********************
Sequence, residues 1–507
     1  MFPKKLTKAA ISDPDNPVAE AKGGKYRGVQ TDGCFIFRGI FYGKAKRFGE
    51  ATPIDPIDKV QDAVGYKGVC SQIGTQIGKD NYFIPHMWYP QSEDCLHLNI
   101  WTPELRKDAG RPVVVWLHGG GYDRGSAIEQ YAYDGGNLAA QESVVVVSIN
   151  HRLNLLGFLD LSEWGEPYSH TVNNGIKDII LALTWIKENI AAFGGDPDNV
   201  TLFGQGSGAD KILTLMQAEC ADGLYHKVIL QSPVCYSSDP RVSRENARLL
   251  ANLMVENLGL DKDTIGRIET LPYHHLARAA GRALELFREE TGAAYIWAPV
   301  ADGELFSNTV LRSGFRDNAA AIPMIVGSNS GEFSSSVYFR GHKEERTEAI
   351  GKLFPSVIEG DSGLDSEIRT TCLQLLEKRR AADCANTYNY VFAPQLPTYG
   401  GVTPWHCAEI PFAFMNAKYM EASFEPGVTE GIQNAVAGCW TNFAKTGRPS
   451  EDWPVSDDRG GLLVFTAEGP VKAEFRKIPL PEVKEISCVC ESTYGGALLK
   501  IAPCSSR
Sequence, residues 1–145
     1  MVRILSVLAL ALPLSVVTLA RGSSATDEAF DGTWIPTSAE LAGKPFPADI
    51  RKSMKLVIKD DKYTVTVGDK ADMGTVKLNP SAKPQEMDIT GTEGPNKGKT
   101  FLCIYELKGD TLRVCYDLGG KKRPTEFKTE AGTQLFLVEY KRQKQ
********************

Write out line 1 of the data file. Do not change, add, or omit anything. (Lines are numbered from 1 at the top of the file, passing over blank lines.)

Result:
Sequence, residues 1–507